and SL/MKS Convoy Series
This site is a database of mercantile vessels that sailed in the SL and SL/MKS convoy series. Currently it holds data for 32 convoys in the range SL.1 - SL.40 but eventually it will be extended to SL.176 where records exist.
Convoys will be added when time is available (
m/d/y) and you should either check the contents page or send me an email to be kept informed when additions appear. Please
read the notes before using the database. For each convoy, vessels are listed in alphabetical order but should you wish to reconstruct the 'Cruising Order' to show the disposition of the ships, you may download a blank form here (print the page in landscape mode and enter the ships' names according to their pendant numbers).
The SL series of convoy catered for vessels returning to the UK from the South Atlantic commencing from the collection point of Freetown in Sierra Leone. Initially, the series alternated between fast (SLF) and slow (SL) convoys but from January 1940 (SL.15) the fast convoys would rendezvous with the
preceding slow convoy, somewhere within European waters, in order to economise on escort vessels. This
practice was in force until January 1941 (SL.65) when the fast and slow sections were combined.
The SL convoy series commenced in September 1939 and some forty SL convoys had been escorted before the complementary OS series (UK - Freetown) began in July 1941. The SL series continued until October, 1942 (SL.125) when it was suspended for five months to free resources for Operation Torch (invasion of North Africa which began on November 8, 1942) and also to avoid crossing the US - UK convoy routes. The series recommenced in March 1943 and in April 1943 it was joined by the MKS series bound for the UK from Gibraltar. While the SL series continued until November, 1944 (SL.178), the OS series continued until May, 1945.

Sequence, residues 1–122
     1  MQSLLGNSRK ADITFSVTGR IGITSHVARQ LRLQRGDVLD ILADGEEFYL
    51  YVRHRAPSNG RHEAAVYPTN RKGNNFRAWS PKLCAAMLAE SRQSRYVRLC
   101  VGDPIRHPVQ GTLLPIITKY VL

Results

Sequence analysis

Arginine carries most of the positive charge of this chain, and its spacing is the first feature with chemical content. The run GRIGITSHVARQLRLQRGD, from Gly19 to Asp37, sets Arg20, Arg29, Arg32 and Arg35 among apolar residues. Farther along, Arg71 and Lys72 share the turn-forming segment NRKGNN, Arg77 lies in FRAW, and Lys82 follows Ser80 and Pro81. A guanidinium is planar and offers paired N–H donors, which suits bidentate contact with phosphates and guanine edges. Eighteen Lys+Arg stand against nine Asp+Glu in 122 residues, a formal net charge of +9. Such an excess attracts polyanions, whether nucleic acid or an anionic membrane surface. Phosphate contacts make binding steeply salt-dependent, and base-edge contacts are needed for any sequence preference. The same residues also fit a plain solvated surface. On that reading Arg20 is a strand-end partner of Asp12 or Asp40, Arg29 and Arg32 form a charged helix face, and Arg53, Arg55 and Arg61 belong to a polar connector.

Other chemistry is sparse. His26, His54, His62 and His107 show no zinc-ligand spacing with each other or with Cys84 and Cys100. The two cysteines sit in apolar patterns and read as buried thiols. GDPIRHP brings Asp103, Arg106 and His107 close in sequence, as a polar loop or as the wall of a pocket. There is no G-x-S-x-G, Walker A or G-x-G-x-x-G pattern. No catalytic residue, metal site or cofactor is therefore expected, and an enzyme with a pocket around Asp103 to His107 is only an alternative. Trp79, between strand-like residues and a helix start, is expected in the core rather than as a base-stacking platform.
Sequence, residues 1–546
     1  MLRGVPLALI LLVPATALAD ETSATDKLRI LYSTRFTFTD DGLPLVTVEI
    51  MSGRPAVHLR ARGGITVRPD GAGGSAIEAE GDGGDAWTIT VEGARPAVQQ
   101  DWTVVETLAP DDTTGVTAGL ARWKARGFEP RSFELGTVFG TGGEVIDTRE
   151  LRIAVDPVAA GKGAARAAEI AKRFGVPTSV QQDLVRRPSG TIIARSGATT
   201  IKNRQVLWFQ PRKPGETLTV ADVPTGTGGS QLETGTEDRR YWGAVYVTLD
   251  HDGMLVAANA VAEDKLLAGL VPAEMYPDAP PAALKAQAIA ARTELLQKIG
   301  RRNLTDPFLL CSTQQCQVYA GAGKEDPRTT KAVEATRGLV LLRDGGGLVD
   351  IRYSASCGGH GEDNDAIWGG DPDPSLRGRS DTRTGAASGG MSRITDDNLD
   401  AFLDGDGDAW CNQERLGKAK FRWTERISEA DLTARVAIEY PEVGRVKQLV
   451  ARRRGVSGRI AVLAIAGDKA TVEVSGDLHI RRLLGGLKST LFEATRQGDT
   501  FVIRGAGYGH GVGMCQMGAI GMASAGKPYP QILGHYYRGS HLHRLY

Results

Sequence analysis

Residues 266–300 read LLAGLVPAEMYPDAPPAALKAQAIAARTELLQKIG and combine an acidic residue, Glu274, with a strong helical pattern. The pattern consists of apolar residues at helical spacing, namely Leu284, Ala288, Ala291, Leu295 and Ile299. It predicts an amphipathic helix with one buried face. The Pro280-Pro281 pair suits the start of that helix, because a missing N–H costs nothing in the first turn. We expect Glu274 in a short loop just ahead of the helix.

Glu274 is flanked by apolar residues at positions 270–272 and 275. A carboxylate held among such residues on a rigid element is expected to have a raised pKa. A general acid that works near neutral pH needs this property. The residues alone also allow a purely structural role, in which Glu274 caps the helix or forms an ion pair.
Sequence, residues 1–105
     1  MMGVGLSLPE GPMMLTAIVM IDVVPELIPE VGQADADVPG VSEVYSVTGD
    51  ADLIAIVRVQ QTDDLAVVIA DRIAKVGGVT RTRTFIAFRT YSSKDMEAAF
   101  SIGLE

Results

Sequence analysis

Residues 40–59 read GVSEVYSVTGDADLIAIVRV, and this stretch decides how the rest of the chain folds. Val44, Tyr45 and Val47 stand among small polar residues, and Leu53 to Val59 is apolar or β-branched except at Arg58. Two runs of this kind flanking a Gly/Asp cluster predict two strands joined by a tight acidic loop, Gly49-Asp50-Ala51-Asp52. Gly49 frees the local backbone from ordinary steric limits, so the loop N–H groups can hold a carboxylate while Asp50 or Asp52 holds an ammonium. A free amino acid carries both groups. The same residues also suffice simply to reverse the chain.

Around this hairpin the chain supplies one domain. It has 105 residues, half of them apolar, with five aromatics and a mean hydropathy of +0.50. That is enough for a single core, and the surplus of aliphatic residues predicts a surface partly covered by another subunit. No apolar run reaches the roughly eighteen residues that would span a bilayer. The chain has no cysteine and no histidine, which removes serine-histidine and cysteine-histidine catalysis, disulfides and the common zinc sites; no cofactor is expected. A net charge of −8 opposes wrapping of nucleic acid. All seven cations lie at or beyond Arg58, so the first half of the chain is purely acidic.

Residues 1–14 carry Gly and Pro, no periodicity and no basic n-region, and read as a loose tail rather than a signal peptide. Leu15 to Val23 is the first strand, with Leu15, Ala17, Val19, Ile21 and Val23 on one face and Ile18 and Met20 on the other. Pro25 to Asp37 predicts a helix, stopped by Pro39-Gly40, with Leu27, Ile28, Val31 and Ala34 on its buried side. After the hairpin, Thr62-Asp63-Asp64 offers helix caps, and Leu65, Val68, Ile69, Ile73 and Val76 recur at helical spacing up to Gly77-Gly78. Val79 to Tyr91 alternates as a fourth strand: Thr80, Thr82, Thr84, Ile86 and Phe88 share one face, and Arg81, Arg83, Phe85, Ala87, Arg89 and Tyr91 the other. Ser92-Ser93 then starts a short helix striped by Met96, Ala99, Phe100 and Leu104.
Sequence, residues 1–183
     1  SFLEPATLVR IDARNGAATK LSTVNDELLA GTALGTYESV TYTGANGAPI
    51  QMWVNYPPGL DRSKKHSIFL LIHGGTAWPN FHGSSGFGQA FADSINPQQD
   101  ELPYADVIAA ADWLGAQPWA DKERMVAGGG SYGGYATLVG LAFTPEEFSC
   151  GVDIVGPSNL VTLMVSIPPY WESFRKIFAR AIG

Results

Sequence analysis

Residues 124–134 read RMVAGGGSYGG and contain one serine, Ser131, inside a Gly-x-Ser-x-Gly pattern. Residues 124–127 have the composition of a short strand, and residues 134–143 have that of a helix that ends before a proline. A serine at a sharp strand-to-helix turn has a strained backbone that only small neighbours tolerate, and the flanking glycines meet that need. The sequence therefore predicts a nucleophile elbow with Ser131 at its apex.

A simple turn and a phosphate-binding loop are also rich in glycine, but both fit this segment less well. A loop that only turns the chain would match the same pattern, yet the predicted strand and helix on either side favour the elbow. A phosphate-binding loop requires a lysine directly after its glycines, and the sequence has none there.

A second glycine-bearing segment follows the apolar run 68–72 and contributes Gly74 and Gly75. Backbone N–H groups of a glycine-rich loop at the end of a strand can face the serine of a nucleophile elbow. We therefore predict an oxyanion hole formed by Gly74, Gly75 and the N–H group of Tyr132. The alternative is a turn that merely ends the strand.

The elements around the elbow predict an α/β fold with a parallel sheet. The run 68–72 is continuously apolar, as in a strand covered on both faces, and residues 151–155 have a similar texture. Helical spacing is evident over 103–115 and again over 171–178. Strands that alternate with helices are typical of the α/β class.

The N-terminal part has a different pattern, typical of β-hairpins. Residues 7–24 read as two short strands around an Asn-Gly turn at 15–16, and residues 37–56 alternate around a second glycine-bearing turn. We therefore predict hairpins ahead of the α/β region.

For each convoy I have compared the data, which is derived from original sources contained in the National Archives, with that of Hague (Arnold Hague,'The Allied Convoy System 1939-1945', ISBN 1-55125-033-0).
When available, I have included the pendant number (position in convoy), destination, cargo and nationality for each vessel in convoy. However, not all records remain and many are scanty and often hand written, particularly with the earlier convoys. Also, I have added links (to self-closing panels) giving further information on the vessels lost both within and detached from convoy. Where information was available, I have also noted any vessels that had intended to travel in convoy but did not sail since this information is also valuable when researching individual vessel movements. Often, vessels that did not sail can be found in the preceding or subsequent convoy. When available, the original port lists have been cross-checked with the cruising order chart to maintain accuracy, resolving name differences by reference to 'Der Handelsflotten der Welt 1942', ISBN 3-469-00552-4.
There is surprisingly little data available on the Internet concerning the composition of individual convoys. Data on some HX, ON, ONS and SC series (mainly North America - UK) may be found on the warsailors web site .
For OS/ KMS convoys, see the OS/
for convoy OS.33 see the OS.33 and for
the Main Page click here.
The author wishes to express thanks to Dominique Lemaire for diligently proofreading these convoy pages.
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